Sunday, May 18, 2008

Rural Home Preventative Health

Mat and I are in the program called Rural Home Preventative Health. The other portion of trainees is in Youth Development. With all of my experience with youth, I’m not sure what I am doing in health, but here I am so here I go! What is RHPH you all may be wondering? Well, in the past a program similar to ours was called Appropriate Technologies where there was a focus on the construction of latrines, wells, safe wood burning stoves, water deposits, cement floors, water filtration systems, etc. However, with the drop in the value of the dollar and many NGOs interests in only investing in water projects, there has been a cash flow problem. On top of that, building these systems does not translate in their being used. There seems to be a problem with making sure people know how and can afford the upkeep on the things built. Or a problem with other organizations has been never teaching the people how to use the systems in the first place.

We are the pilot program for RHPH so we all will be learning as we go including all the PC people in charge. Basically the focus is on Education. We use the “Charla” method which are informal discussions with members of the community on health related issues that are affecting the area. We evaluate what those problems are by talking with the people about what they believe to be the problems. Then the Charlas work to introduce them to new methods or hygiene practices. Only a small amount of energy goes toward construction or there may be none at all in the end. The hope is that we could even train others to continue the education process once we leave. It is a different approach to development than most models. It actually seems sustainable, and by that I mean the people may be more likely to continue the work and work beyond what we were doing well after the PC volunteer leaves. We use the people, institutions, and creativity of the community instead of bringing in outside “help.”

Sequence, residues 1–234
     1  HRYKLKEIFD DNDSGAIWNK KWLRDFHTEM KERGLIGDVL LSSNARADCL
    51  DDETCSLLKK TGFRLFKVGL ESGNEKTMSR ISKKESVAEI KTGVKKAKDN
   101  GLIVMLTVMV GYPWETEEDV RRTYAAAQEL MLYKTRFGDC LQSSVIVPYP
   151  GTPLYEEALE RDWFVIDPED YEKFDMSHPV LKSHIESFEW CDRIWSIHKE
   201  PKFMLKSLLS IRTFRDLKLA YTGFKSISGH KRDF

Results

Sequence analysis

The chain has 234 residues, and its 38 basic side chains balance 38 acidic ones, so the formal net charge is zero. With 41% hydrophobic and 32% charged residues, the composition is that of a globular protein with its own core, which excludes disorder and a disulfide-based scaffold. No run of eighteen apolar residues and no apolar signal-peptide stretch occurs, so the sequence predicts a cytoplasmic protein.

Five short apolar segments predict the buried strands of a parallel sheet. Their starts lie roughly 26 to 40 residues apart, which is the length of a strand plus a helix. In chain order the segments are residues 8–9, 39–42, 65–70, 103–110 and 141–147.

They tell us we need lots of patience, flexibily, and enthusiasm. We are working within a different culture where waiting for people to show up to our Charlas which could then last for a long time may be in store. Our trainers say that the first six months to a year is when we will be gaining the Confianza of the community. We need to establish that we are there to help in any way possible. So basically we get out there and start talking. Volunteer to help out with holiday celebrations, help a farmer get his seeds in the ground, or teach classes at the local school. Do any and everything to get out there.

So for the training, we are working at either a Centro or Puesto de Salud (Centros are bigger and have doctors where Puestos do not). Mat and I both have Puestos. Then we work with Health Promoters who are usually volunteers (so unpaid) who take time from their source of income or families to do the work. Mine are all women (4-6). All of them give injections, take out pointy objects that people have been stabbed by, and other things that sound like nursing. Actually we may be doing that too. And we can start by giving rabies shots to dogs in the street. So we will actually be training promoters as training and volunteers on how to give Charlas. Hopefully in turn they can train more people, who will train more people, who will train more people….

That is a bit about our work. Hopefully that clears things up. I know Mat and I were pretty confused about what we would be doing here. Now we have a general idea but since it is a new program it is all likely to change once we are “in-site.”

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